On this visit, the tables turned. We investigated renting a showcase and becoming vendors instead of buyers! There is something more tangible about selling in person compared to online. I opened my Etsy store , Knitwithlulu,  several months ago  to sell craft supplies online -my SABLE (stash abounds beyond life expectancy) that is.  I sell buttons, needles, yarn, patterns, and some vintage items.  Over the years, I have sold  items via Ebay. Last summer I sold a few things on the Erie County online garage sale. (You pick a place such as the Kroger's parking lot to meet your buyer and it all feels a bit shady like a drug deal). But, a booth or showcase at an antique mall? That is on a whole new level!And, now, without further ado, I continue the episode of Sparking Joy......

I helped Paulie blaze through her clothes and she rediscovered her walk in closet! Bob was next and he, too, cleared out quite a bit of unwanted clothing. Next, Paulie and I cleared out all clothes stored in my attic and I can now fit winter and summer clothes in one small closet and one dresser on the second floor. Ron got into the act and kept only a few overcoats, two sport coats and one tuxedo! Well, he only had one tuxedo to begin with, but, still. All of this was donated to the local thrift store. Next up: books. Paulette weeded out at least half of her knitting book collection and I weeded out TWO books thus far at my house. Meanwhile, you could say I'm skipping ahead by diving into sentimental items as I decide what to antiques to sell.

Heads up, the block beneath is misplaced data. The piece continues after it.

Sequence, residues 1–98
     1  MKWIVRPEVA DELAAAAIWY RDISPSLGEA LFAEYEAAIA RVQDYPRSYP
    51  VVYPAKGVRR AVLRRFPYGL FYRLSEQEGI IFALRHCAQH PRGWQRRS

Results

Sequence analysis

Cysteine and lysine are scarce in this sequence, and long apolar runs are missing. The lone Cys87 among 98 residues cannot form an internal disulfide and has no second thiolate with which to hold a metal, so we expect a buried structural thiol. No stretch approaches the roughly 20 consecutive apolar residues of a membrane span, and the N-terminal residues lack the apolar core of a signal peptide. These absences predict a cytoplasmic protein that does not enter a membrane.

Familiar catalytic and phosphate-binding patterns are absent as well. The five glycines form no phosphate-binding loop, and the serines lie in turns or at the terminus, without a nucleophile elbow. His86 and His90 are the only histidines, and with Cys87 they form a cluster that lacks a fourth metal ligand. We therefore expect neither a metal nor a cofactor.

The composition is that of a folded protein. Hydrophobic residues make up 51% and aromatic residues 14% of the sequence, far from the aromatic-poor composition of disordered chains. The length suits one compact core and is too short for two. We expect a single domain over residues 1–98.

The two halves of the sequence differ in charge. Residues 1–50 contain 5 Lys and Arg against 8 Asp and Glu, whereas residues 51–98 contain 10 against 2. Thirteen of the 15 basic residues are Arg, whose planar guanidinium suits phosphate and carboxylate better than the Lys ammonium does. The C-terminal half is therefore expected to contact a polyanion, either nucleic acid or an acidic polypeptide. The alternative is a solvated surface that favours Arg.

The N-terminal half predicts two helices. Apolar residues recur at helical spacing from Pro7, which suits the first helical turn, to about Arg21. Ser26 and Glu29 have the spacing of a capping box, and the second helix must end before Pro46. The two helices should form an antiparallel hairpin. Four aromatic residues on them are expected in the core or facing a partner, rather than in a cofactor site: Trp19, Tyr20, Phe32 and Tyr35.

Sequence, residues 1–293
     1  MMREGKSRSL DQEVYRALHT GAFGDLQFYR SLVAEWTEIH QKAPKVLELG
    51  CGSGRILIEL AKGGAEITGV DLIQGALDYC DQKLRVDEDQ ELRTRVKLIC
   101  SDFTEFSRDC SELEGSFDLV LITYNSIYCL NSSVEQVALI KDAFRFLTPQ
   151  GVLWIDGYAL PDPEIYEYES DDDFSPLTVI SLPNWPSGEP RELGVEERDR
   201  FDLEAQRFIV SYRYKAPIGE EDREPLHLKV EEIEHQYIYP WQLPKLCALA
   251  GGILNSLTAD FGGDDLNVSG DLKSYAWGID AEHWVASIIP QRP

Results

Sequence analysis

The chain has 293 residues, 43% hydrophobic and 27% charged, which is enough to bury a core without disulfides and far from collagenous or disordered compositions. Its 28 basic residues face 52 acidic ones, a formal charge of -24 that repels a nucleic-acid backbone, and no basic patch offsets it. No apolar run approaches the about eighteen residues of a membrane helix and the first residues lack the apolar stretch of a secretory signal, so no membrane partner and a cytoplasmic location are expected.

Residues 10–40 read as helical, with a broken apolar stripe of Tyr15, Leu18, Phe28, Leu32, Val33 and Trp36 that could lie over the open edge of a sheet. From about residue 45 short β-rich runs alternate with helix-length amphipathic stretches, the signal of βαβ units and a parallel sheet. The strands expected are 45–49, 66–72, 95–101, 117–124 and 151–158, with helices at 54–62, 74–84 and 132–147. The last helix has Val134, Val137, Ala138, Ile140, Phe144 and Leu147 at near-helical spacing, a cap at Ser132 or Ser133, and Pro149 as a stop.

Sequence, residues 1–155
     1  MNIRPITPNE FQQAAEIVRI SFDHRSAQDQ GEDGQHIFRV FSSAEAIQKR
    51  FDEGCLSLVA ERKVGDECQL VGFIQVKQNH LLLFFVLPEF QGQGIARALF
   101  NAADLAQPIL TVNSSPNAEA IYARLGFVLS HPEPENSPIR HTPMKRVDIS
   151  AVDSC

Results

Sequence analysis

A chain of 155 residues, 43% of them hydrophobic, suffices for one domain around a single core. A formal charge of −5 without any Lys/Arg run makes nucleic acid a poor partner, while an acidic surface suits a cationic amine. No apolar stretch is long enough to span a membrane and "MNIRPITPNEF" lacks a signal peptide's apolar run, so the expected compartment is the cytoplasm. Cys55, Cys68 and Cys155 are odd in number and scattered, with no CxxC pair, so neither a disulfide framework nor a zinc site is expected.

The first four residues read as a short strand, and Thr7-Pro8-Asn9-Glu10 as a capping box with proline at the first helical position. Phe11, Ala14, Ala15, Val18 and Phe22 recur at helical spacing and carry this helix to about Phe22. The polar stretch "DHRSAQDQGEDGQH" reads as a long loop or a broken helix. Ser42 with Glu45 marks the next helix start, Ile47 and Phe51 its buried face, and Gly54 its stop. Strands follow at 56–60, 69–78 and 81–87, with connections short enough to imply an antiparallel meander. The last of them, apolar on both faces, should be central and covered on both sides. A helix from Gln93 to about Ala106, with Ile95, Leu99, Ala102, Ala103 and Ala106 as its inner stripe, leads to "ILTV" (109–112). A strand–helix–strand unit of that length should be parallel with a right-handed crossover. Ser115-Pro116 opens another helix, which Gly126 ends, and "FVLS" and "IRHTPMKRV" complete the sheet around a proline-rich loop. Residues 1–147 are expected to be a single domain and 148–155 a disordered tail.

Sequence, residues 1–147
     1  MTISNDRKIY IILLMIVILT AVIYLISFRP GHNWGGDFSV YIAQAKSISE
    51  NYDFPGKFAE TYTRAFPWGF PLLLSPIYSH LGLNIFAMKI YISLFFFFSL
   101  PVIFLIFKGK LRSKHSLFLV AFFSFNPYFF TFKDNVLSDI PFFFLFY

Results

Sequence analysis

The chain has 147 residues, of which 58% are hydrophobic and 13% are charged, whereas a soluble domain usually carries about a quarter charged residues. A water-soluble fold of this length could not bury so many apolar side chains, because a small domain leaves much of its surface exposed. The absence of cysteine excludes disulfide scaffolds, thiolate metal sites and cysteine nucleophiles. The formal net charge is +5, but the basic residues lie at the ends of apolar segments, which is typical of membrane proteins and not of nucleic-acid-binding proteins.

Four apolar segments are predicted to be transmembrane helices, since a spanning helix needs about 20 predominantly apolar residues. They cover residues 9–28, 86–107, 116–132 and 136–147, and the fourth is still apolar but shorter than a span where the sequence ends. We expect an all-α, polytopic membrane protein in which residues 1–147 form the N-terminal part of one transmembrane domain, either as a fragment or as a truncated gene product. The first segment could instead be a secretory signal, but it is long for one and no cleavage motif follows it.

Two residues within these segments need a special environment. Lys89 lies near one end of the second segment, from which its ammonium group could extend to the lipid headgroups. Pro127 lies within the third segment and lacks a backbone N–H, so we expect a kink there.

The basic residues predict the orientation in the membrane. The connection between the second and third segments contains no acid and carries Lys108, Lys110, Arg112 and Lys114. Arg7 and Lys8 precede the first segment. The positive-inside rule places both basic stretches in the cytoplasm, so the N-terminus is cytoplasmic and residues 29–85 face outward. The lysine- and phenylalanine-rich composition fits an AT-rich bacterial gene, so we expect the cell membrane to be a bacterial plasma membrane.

Paulie and I did attend a recent antique sale and two estate sales. Paulette didn't buy anything at either estate sale, but she did buy what she stated was her "last ever piece of furniture" at the antique sale. Well, really she stole it!


 I brought home a Victorian bowling game ( I can't explain it, I just thought it was so unusual.....)


This antique game fits on our dining room table. Can't you just imagine someone setting the pins, loading a marble in the pea shooter apparatus and aiming it toward the pins to see how many get knocked down? Now that beats out a video game any time, don't you think? Our cats, by the way, have discovered how to get their paws on the marbles, and, so, this is really a cat game now.

Our attic runs the length of the house and has a solid wood floor and high ceilings. It is where items rest, Christmas decorations are stored, and where I sometimes go to sit in the winter when I get too hot (it isn't heated, of course). Nor is it air conditioned. Hence, I have a narrow window of time in which to engage in Joy factor mode.  At recent count, there are 6 chairs, 3 cedar chests, 7 leather end tables, 4 wood coffee tables, 1 armoire, 1 dresser, 1 high post bed frame, 3 sewing tables, and many storage containers of antique linens up there. There are suitcases, Important Papers, scrapbooks, tablecloths, camping items, and much, much more.